People who snore are thrice at risk of developing potentially fatal blood clot as compared to non-snorers, new study finds.
Researchers found that patients diagnosed with the snoring-related condition called sleep apnoea were three times as likely to develop a deep vein thrombosis (DVT) as non-snorers, the Daily Express reported.
A DVT is a blood clot in a vein, usually in the leg, which can break off and cause a life-threatening blockage in the lung, known as a pulmonary embolism.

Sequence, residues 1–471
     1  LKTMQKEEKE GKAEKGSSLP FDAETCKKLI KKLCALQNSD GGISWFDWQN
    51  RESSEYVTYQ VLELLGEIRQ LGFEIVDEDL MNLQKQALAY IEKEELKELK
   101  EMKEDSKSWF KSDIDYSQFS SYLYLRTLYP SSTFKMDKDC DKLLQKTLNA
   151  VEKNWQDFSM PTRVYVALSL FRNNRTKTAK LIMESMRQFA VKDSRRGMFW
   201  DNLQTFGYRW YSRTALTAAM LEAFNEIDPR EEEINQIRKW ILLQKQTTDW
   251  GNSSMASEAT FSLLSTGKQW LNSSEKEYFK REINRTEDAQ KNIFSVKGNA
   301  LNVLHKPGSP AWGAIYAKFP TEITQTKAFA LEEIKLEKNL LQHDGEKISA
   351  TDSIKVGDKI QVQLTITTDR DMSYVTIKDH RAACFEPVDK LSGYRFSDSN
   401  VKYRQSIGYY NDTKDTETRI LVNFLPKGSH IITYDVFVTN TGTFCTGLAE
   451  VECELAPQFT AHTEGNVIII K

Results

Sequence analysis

The condition is usually linked to immobility, such as in patients lying in hospital beds for long periods after surgery or in long-haul airline passengers.
Although previous studies have suggested sleep apnea may raise the risk of heart attacks, the latest investigation, by a team of researchers in Taiwan, is one of the first to show a link with DVTs.
An estimated three million people in Britain suffer with sleep apnea.
The results of the research are published in the American Journal of Medicine.